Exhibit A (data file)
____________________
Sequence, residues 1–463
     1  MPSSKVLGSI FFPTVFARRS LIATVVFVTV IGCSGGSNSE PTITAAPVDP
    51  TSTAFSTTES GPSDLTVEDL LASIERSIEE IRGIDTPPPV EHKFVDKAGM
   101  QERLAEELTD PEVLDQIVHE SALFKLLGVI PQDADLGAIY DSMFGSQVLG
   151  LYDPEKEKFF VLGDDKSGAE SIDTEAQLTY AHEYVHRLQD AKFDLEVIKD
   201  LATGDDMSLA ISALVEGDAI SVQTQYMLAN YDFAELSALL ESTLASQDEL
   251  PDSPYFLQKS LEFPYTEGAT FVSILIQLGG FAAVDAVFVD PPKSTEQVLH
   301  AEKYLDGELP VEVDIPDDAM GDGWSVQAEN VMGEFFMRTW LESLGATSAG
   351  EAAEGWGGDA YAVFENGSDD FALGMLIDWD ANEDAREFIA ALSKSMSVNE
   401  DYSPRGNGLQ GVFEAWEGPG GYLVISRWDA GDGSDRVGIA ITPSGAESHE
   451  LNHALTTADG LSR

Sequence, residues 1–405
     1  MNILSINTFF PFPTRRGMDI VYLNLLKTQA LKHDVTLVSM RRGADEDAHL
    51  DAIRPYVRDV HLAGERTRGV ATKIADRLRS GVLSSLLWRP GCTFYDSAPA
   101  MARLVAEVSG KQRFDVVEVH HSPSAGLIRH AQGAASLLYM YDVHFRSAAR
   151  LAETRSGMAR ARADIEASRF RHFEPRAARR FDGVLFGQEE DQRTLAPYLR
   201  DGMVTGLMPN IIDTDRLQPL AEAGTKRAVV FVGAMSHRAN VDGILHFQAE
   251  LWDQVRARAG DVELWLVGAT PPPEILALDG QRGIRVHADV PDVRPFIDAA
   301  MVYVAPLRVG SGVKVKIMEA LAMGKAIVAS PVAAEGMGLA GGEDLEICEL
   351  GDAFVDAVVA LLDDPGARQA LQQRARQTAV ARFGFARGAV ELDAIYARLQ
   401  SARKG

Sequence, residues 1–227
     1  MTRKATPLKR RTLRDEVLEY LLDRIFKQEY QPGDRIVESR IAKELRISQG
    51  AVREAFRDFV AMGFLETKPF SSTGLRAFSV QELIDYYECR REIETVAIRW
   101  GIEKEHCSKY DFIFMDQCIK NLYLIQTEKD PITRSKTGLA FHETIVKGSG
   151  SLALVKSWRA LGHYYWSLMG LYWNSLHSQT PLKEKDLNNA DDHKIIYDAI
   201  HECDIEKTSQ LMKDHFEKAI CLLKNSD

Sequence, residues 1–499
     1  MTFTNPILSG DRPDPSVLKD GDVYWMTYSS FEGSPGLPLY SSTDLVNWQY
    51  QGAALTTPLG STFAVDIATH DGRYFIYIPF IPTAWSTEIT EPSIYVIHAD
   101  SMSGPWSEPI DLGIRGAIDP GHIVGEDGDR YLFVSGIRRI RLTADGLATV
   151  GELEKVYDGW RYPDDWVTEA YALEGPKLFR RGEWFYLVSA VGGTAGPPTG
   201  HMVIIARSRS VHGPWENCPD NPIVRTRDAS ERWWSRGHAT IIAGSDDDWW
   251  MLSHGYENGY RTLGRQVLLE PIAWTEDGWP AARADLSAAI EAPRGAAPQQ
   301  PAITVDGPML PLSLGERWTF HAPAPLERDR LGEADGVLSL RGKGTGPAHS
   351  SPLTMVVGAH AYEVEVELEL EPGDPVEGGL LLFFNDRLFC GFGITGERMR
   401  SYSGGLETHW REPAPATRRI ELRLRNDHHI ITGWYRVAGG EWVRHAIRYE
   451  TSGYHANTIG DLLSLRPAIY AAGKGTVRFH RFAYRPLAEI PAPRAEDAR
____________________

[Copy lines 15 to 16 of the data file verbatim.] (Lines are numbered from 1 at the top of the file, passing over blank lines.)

   101  MARLVAEVSG KQRFDVVEVH HSPSAGLIRH AQGAASLLYM YDVHFRSAAR
   151  LAETRSGMAR ARADIEASRF RHFEPRAARR FDGVLFGQEE DQRTLAPYLR